Tuesday, June 5, 2012

Here's One Big Reason That U.S. Treasury Rates Are So Low


Yesterday's FT Alphaville (the blog for the Financial Times) carried an interesting piece on the Treasury holdings of the Federal Reserve.

The piece quoted extensively from a research noted written by Torsten Slok of Deutsche Bank (DB also was the source of the chart shown above).

Here's what Mr. Slok wrote:

In addition, central banks (Fed, ECB, BoE, BoJ) buying government bonds has lowered supply of risk-free bonds real money managers can buy (for example, the Fed currently holds 30% of all 5-10 year U.S. Treasuries outstanding).


Think of that:  nearly a third of all of the Treasury debt trading in the public markets that has maturities in the 5 to 10 year area is being held by our central bank, and not investors.

While there is no doubt that times are uncertain, and the fate of the euro very much in question, but still:

Where would interest rates be if the Fed were not intervening?

I wrote last week that I felt that the Fed should at least consider selling a portion of the $1.6 trillion in Treasury holdings currently on its balance sheet.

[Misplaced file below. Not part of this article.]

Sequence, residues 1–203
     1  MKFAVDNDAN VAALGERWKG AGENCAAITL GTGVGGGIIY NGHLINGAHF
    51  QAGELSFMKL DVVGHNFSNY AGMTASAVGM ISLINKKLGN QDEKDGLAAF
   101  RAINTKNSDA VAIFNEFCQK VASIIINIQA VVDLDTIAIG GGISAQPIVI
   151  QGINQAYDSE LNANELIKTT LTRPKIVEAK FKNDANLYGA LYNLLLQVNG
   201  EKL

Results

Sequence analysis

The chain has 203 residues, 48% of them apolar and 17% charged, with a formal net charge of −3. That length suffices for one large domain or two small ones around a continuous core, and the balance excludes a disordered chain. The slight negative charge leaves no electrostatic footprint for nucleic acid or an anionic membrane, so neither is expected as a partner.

Here's an excerpt from what I wrote:

...ever since the first quantitative easing program began, the Fed has been under intense political pressure to demonstrate how it could exit the capital markets without disrupting the economy.

If the Fed sold, say, $100 billion of its position, it would provide a tangible demonstration of just how our central bank could reduce its bond holdings.

...extremely low interest rates are a penalty on savers as well as the nation's financial institutions.  It would seem to me that it is no one's interest to have longer maturity interest rates continue to plunge lower.

..selling some of its bond position would remove the element of the "Bernanke put" that is present in today's market.  Currently most investors and bond traders assume that if the economy showed any signs of plunging lower that the Fed would intervene in the markets again.

Selling bonds today would in essence tell the markets that the Fed's purchase of bonds since the financial crisis of 2008 was only a temporary policy decision, and that it is now looking forward to resuming its role as the Steward of our Banking System.


After looking at the chart shown above, I still believe the Fed should reconsider its current position.